Last Sept. 11 was a momentous day in Darfur, too. After unidentified militiamen attacked aid workers from the Nobel Prize-winning Médecins sans Frontières at a roadblock on that date, most of the international aid groups ministering to Darfur's 6 million people stopped using the roads. On Dec. 18, in the southern town of Gereida, unrelated gunmen attacked the compounds of Oxfam and Action Contre la Faim. More than 70 aid workers subsequently pulled out of the refugee camp there--Darfur's largest, with 130,000 people--leaving only 10 Red Cross employees behind. Yet at the time no one revealed what had really sparked the dramatic pullbacks. In both cases, international staff, including three French aid workers, were either raped or sexually assaulted in territory controlled by the Sudanese government and its allies.
Rape as a weapon has become depressingly commonplace in Darfur, where 200,000 Africans have been killed and a third of the population have been sent fleeing into camps in three years
of war. But the attacks on international aid workers herald a dramatic and dangerous new trend--the deliberate targeting of those helping to keep Darfur's millions of refugees alive. A dozen staffers from foreign NGOs have been killed in just the past six months, more than in the previous two years. There are an estimated 14,000 aid workers in Darfur now, the majority of them Sudanese, working for foreign NGOs and U.N. agencies and delivering $1 billion a year in aid. Just a few more horrific attacks could throw that massive operation into jeopardy. Last week 14 U.N. agencies working in Darfur issued a stark warning that "the humanitarian community cannot indefinitely assure the survival of the population in Darfur if insecurity continues."
Médecins sans Frontières country director Jean Vataux confirms that two MSF staffers, a Sudanese and a European, were subjected to a serious sexual assault on Sept. 11 after being forced out of their vehicle near Zalingei, in an area under government control. While the women were not raped, Vataux says, "there was a clear desire to hurt and humiliate." The women were badly beaten as well. Vataux says MSF reported the incident to Sudanese authorities, who promised to investigate but so far have not reported any outcome. Action Contre la Faim's country director Philippe Conraud confirms that two Frenchwomen working for ACF in Gereida were raped by armed men, but would not provide details. In the Gereida attack, aid agencies' compounds were systematically looted, numerous vehicles stolen and staff terrorized at gunpoint for six hours.
The two incidents add to a pattern of increased violence since a peace agreement was signed last May between the government and some rebels. After that, rebel factions splintered further. In some areas, the government is working with rebel signatories; in others, it's fighting them, and in some places the rebels are fighting one another. The version of the conflict that has seized the imagination of the world--and that prompted former secretary of State Colin Powell to describe the killing there as "genocide"--involved marauding Arab militiamen known as Janjaweed, often backed up by Sudanese military forces, laying waste to scattered villages. Now as many as 12 different groups are at each other's throats, tussling over control of huge refugee camps or angling for their share of promised government compensation. On Jan. 10, New Mexico Gov. Bill Richardson announced he had brokered a 60-day ceasefire; so far, it has yet to start. "The ceasefire?" says a senior officer with the African Union peacekeepers in Darfur, who asked to remain anonymous for fear of offending Sudanese authorities. "That's like the peace. We haven't seen either."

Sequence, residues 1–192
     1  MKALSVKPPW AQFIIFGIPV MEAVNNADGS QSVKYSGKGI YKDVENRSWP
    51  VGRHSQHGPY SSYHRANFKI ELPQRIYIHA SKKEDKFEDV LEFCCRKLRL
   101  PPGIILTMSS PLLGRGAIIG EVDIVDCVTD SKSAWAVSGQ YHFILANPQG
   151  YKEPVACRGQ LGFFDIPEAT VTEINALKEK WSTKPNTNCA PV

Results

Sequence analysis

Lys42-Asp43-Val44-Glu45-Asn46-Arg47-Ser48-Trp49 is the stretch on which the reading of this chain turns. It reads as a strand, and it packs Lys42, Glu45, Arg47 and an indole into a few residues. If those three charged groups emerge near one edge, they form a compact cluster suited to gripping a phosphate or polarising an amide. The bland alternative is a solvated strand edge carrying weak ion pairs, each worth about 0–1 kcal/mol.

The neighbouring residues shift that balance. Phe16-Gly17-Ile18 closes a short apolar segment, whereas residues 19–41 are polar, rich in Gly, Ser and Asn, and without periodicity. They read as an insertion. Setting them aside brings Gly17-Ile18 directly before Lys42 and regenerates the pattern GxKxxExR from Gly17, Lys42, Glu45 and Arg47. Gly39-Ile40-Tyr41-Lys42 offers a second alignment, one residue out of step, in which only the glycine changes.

Assaults on aid organizations have wide repercussions. After a Dec. 8 attack on the International Committee of the Red Cross compound in Kutum, in northern Darfur, all but three of the international staff pulled out. Villagers driven from their homes by Janjaweed have since dispersed rather than seek refuge in the camp there. "We don't know where 30,000 people are," says Rebecca Dale of the International Rescue Committee. "Only about two or three thousand have shown up."
Khartoum has pledged to give aid agencies unfettered access to Darfur, and has frequently boasted of its cooperation with the international community. Yet the NGOs say their workers, especially those from Western countries, are frequently denied visas and travel permits, while key equipment and supplies are held up in Sudanese Customs. And they cannot complain too loudly. "We can't afford to be kicked out," says Dawn Blalock, spokesman for the United Nations' Office for the Coordination of Humanitarian Affairs. The stakes are too high: Blalock points out that the aid groups have managed to lower the overall malnutrition rate in Darfur below the emergency level of 15 percent. Without them, no one knows how bad it could get.
Those who speak out have paid a price. The Norwegian Refugee Council, serving 250,000 displaced Darfurians, was expelled in November to hardly a murmur from the United Nations. Late last year the U.N. secretary-general's representative to Sudan, Jan Pronk, the highest U.N. mission official there, was thrown out by Khartoum after he complained publicly about continued Janjaweed attacks. He has yet to be replaced, leaving the U.N. mission leaderless. "The international community have been taken for a ride," says Pronk. And yet again, the ones suffering most are the people of Darfur